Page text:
Scuba Diving In Stone Quarries Doesn’t Compare With The Experience Divers Get In Blue Water

Scuba Diving In Stone Quarries Doesn’t Compare With The Experience Divers Get In Blue Water

Scuba divers in the Midwest get some unique diving experiences that coastal divers who only dive in ocean environments rarely encounter.

But then Midwestern scuba enthusiasts must expose themselves to the differences of the quarries.

stay dry.

Where’s the fun in that?

If you never dove in a stone quarry you probably don’t understand what we Midwestern divers go through to give ourselves the pleasure of going down, and enjoying our favorite sport. Sometimes our diving activity is abundant with struggling and suffering from the extra gear we must lug along, to the extremes in temperatures, to the limitations (or total lack) of visibility.

And yet even with all we must go through I’ve never made a dive when I didn’t reach some state of ecstasy.

No such thing as a bad dive…

The first consideration for a stone quarry diver is the weather. If you plan a January or February dive, you need to prepare extra equipment and clothing. Some of this preparation applies if you’re diving in November and December too.

Because air temperatures are often in the 30s and below during those months the necessity of clothing that keeps you warm before your dive is obvious, as is that same need for after the dive.

Does the dive site have a shelter for changing into, and out of, your dive gear? That cold air isn’t a huge hassle when you’re putting your dive gear on, but it sure gets miserable taking that equipment off when you’re wet. Your fingers go numb, and you struggle to manipulate zippers, buckles, and buttons.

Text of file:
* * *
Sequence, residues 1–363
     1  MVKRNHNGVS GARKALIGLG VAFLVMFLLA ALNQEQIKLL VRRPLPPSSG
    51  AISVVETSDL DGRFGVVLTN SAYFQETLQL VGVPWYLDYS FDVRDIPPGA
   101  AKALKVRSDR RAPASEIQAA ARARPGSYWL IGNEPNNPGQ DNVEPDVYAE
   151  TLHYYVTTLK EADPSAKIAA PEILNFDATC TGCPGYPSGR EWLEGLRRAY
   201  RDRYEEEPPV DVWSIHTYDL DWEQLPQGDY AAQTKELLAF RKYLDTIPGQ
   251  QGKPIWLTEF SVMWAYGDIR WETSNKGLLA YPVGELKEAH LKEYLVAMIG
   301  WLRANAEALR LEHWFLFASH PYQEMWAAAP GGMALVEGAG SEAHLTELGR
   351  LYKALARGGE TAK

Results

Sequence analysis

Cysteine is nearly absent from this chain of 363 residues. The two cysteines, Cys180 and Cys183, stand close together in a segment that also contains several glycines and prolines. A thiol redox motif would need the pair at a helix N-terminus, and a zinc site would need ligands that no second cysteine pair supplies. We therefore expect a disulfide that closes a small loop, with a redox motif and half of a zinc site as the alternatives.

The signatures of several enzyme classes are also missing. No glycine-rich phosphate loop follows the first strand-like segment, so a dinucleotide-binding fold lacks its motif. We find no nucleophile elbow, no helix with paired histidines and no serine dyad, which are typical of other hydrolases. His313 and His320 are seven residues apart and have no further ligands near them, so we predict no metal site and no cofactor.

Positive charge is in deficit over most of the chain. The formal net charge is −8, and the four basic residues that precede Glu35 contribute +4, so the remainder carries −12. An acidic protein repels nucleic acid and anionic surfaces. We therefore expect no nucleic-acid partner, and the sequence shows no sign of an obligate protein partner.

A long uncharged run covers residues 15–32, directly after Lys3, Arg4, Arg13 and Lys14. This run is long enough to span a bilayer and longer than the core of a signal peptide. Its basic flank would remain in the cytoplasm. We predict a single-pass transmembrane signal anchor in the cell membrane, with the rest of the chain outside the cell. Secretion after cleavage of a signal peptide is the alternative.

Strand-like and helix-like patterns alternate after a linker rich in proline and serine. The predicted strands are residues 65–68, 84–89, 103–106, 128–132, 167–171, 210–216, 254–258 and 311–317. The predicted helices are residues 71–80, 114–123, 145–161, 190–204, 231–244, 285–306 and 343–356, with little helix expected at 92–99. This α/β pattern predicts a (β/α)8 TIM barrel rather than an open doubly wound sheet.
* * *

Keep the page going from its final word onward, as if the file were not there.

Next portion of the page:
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Is there an area for a campfire to warm at when you come out of the water? You just don’t realize how important a warming fire is until you emerge from your dive, and only have a cold fire pit to stand next to, or no pit at all. And you’ll want to carry some firewood to build that fire, you don’t often find a woodpile handy.

Odds are during the months of January and February you’ll need an axe to cut a hole in the ice, and a rope to find your way back to that hole.

Did I mention these are cold-water dives?

No 2- or 3-mil skins for us. When we dive we wear full 7-mil wetsuits, or dry suits. This applies year-round for diving below 20-feet. We get the luxury of diving warm water from June through August, and sometimes October, as long as we stay above 20- to 25-feet.

But drop below that and the water temperature drops fast. All that rock around the sides, and along the bottom, keeps the water chilled even in our hot summer months.

Visibility provides us with unique experiences too. Sometimes the muck from the bottom gets so stirred up that you might as well dive with your eyes closed. You can’t see your compass in front of your mask, let alone keep track of where your dive buddy is.

Other times we get a whole 15-feet of clear vision, and on rare occasions we’re allowed to see for twenty and more feet.

Good vis doesn’t happen often though. Most of the time we only guess at where we are in relation to our entry point, and if you don’t count fin strokes, and watch that compass, you’re lost.

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Yes, scuba diving in stone quarries is a different sport that makes tropical diving a luxury to us Midwesterners. But like I said, there’s no such thing as a bad dive.

And when I can’t get away to those blue waters, I’ll settle for a cold-water dive anytime.